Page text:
US5833023 *May 8, 1996Nov 10, 1998Kokuritsu Kankyo KenkyushoVehicle body of electric vehicle
US8343649 *Mar 26, 2008Jan 1, 2013Toyota Jidosha Kabushiki KaishaElectricity storage device with enhanced heat dissipation
US8602590May 3, 2011Dec 10, 2013Osram Sylvania Inc.Thermosyphon light engine and luminaire including same
US20100112429 *Mar 26, 2008May 6, 2010Takashi MurataElectricity storage device
US20110095574 *Dec 30, 2009Apr 28, 2011Boulder Electric VehicleComposite land vehicle frame
US20110177366 *Nov 19, 2009Jul 21, 2011Panasonic CorporationBattery pack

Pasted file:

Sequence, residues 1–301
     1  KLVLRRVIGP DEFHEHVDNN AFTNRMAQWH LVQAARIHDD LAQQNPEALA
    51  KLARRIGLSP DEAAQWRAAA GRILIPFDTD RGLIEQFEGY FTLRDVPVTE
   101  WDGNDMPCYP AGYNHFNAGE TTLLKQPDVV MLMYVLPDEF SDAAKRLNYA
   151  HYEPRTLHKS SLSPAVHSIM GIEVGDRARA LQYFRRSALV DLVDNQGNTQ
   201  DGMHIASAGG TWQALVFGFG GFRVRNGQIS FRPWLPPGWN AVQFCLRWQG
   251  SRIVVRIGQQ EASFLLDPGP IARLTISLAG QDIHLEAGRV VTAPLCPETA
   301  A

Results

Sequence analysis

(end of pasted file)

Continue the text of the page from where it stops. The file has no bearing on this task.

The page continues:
WO2009088619A1 *Dec 10, 2008Jul 16, 20093M Innovative Properties CoThermal management of electrochemical cells
Classifications
U.S. Classification429/62, 429/120, 429/50
International ClassificationH01M10/50, F28D15/00, F24J2/44
Cooperative ClassificationF28D20/0034, H01M10/5075, H01M10/5053, H01M10/5032, H01M10/5024, F28D15/00, Y02E10/40, H01M10/5006, F24J2/44, H01M10/5004
European ClassificationH01M10/50C2, H01M10/50H4, H01M10/50C4, H01M10/50F4, H01M10/50K12D, H01M10/50K10H, F24J2/44, F28D15/00
Legal Events
DateCodeEventDescription
Nov 30, 2005FPAYFee payment
Year of fee payment: 12
Oct 9, 2001FPAYFee payment
Year of fee payment: 8
Nov 18, 1997FPAYFee payment
Year of fee payment: 4
Dec 3, 1992ASAssignment
Owner name: ZOMEWORKS CORPORATION, NEW MEXICO
Free format text: ASSIGNMENT OF ASSIGNORS INTEREST.;ASSIGNOR:BAER, STEPHEN C.;REEL/FRAME:006403/0082
Effective date: 19921130